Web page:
Curious kids of any age, frankly, are automatically some of my favorite people. Oh, how we need to keep the curious button pushed in children and give them permission to stay curious as adults! Invite their questions. All of them.
One of the saddest things I observe in aging friends is that they stop asking questions, curiosity seems to fade. When one stops being curious, I'm convinced, they are then well on their way to a premature death. I will not be one of those people for whom couriosity wanes.
This plaque is one of the best gifts I've been given by my precioius wife. With just a slight look up to the right from sitting here at my desk, my eyes drift across three pictures of us on some of our favorite hikes here in the Rockies, through a cross holding a lit tea light most days to remind me the Spirit is present, up to an Anglican rosary that reminds me of a landmark moment in my life, and there it is, this plaque. "Ancora Imparo."
This statement, "Ancora Imparo", is attributed to that great Italian renaissance artist, Michelangelo, when he was 87 years old. We know he created such masterpieces as the Sistine Chapel and the sculpture of David, and a host of other remarkable works of painting, poetry, sculpture and architecture.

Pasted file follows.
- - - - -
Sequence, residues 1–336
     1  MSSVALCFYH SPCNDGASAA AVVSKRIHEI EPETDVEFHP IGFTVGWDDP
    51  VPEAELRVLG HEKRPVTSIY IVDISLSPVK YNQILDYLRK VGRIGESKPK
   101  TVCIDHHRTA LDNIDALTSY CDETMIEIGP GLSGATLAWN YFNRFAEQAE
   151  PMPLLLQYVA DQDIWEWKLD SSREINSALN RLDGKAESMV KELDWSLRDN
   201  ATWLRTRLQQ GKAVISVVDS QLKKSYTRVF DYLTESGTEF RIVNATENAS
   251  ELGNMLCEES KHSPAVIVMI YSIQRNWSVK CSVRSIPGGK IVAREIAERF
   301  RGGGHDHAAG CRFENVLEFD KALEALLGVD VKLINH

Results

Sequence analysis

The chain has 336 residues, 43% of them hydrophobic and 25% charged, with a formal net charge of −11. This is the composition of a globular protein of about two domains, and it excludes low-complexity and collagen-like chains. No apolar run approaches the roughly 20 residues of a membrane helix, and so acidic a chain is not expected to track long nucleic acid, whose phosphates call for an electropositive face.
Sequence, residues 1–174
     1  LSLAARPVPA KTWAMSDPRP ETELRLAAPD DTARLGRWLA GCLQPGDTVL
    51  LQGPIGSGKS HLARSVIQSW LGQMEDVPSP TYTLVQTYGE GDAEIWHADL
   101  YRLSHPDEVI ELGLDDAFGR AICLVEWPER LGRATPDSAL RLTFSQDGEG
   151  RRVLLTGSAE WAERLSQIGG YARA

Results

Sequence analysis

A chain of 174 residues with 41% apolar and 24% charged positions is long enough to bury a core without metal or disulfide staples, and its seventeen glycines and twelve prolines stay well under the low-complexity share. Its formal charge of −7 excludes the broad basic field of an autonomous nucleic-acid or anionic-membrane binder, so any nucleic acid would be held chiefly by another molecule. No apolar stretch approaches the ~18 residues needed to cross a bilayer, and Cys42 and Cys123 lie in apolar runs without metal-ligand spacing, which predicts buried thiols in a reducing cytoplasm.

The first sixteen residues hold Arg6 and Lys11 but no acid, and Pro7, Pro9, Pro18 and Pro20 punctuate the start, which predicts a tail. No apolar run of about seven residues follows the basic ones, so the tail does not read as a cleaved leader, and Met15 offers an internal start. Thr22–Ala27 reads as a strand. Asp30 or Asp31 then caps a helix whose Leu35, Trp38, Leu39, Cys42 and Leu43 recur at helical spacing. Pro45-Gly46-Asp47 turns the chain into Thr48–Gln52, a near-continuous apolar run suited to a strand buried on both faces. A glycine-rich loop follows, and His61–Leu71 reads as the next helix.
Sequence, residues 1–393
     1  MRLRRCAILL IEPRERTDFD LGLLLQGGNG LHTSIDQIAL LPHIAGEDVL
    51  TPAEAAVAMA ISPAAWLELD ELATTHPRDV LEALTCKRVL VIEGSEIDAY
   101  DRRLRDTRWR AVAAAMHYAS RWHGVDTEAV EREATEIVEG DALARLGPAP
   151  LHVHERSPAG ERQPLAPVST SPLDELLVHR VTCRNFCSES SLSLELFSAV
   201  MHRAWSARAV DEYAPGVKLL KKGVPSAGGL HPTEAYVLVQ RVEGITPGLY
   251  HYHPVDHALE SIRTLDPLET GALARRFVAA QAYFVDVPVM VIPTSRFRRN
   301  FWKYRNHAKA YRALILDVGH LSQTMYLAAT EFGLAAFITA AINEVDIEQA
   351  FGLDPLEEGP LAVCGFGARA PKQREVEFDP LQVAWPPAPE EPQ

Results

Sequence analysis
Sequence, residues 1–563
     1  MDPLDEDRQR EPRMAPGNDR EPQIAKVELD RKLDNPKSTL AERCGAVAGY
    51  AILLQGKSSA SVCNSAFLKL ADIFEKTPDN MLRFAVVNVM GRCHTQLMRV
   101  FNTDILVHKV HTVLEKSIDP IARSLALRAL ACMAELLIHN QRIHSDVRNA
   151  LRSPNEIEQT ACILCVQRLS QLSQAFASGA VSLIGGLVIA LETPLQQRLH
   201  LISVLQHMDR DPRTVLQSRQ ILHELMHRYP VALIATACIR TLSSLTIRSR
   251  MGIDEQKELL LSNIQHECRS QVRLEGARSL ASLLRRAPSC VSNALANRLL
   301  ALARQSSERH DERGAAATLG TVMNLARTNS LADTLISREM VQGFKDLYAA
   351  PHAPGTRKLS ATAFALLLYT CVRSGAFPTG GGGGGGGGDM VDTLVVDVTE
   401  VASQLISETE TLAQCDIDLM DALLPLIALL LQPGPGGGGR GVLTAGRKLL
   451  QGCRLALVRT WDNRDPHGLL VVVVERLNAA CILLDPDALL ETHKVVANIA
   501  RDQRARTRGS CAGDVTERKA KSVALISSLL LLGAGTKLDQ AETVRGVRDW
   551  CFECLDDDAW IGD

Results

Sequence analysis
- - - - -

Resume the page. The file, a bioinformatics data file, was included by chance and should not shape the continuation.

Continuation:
He could have said, "I've done enough." But he didn't.
He kept on creating, with "Ancora Imparo" burning in his soul and calling him forward. What does "Ancora Imparo" mean? It means:
I am still learning.
How I hope that when you and I get to be 87, and beyond, we will both be found saying, "Ancora Imparo." Stay curious, my friend, even outrageously so, no matter your age. Then we, too, will enjoy the life we were designed to live no matter how many days we have left to breathe.